The New War Between the States

An interesting way to understand the divide between red and blue states on the Electoral College map is to visualize geographically two very different American economies, one encompassing America’s heartland, the other concentrated on the coasts—one tilting toward Donald Trump and the Republicans, the other toward Hillary Clinton and her Democratic allies.

Writes Joel Kotkin at New Geography:

This reflects an increasingly stark conflict between two very different American economies. One, the “Ephemeral Zone” concentrated on the coasts, runs largely on digits and images, the movement of software, media and financial transactions. It produces increasingly little in the way of food, fiber, energy and fewer and fewer manufactured goods. The Ephemeral sectors dominate ultra-blue states such as New York, California, Oregon, Washington, Massachusetts, Maryland, and Connecticut.

The other America constitutes, as economic historian Michael Lind notes in a forthcoming paper for the Center for Opportunity Urbanism, the “New Heartland.” Extending from the Appalachians to the Rockies, this heartland economy relies on tangible goods production. It now encompasses both the traditional Midwest manufacturing regions, and the new industrial areas of Texas, the Southeast and the Intermountain West.

Contrary to the notions of the Ephemerals, the New Heartland is not populated by Neanderthals. This region employs much of the nation’s engineering talent, but does so in conjunction with the creation of real goods rather than clicks. Its industries have achieved  generally more rapid productivity gains than their rivals in the services sector. To some extent,  energy  and food producers may have outdone themselves and, since they operate in a globally competitive market, their prices and profits are suffering.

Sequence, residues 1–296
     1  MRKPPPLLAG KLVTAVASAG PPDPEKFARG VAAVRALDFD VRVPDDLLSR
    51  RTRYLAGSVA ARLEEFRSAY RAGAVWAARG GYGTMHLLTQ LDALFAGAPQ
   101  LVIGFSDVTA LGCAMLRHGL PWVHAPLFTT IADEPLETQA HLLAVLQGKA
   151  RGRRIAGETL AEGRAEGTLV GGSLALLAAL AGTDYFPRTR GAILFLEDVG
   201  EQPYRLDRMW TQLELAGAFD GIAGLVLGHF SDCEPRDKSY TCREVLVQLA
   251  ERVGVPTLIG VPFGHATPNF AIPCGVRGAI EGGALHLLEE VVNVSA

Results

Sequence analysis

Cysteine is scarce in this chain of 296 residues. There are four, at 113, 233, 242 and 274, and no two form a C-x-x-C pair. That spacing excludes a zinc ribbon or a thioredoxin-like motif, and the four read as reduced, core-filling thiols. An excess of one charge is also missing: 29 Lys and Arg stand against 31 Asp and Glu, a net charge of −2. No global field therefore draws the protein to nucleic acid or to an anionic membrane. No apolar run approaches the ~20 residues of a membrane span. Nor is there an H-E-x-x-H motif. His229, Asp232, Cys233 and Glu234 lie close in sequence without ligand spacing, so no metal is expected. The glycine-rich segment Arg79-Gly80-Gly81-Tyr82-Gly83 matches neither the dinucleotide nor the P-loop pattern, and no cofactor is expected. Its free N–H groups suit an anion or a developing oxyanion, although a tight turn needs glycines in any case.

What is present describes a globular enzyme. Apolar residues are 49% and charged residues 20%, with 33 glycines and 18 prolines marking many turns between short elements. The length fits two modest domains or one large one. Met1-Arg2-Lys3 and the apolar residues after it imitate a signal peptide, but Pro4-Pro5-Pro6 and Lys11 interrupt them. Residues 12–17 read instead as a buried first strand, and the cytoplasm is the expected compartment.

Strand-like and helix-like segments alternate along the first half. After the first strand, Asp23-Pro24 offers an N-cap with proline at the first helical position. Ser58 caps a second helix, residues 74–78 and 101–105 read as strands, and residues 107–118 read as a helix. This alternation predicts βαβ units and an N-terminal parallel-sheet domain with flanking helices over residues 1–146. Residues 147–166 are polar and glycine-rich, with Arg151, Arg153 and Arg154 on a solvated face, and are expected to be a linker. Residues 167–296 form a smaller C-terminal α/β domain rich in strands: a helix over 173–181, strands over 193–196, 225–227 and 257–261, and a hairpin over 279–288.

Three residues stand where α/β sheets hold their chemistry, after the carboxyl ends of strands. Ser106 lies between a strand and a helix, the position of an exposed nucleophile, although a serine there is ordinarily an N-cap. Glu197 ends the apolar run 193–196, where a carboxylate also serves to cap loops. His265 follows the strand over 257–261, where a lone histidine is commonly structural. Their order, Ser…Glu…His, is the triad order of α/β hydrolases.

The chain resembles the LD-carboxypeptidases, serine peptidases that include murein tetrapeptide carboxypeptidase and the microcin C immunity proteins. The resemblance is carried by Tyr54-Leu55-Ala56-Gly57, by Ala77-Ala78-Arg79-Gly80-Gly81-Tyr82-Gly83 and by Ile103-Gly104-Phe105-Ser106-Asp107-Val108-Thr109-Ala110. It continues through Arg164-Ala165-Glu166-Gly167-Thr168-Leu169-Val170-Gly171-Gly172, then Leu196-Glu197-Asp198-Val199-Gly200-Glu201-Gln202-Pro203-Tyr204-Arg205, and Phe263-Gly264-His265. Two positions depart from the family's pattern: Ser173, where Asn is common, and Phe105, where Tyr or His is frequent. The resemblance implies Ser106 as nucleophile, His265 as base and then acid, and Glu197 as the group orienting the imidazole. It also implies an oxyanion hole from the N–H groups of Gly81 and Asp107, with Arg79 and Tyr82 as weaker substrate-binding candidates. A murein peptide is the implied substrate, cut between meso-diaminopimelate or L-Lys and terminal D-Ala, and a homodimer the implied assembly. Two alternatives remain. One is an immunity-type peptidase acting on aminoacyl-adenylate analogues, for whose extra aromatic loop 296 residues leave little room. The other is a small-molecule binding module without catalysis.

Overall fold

Despite deep misgivings about the character of Donald Trump, these economic interests have led most Heartland voters  somewhat toward the New York poseur, and they are aligning themselves even more to down-ticket GOP candidates. In generally purple states like Missouri, Ohio and Iowa, where manufacturing is key, Trump still leads—at least he was before the latest spate of Trump crudeness was revealed, this time regarding women.

The Republicans’ strongest base is in the energy belt where Trump has suggested policies that call for greater domestic production. This naturally resonates with businesses and working people in states ranging from Texas, Oklahoma and Louisiana to West Virginia, Wyoming and Alaska, which have borne the brunt of nearly 100,000 layoffs so far this year. It’s no surprise that all of these states constitute increasingly a lock for the GOP.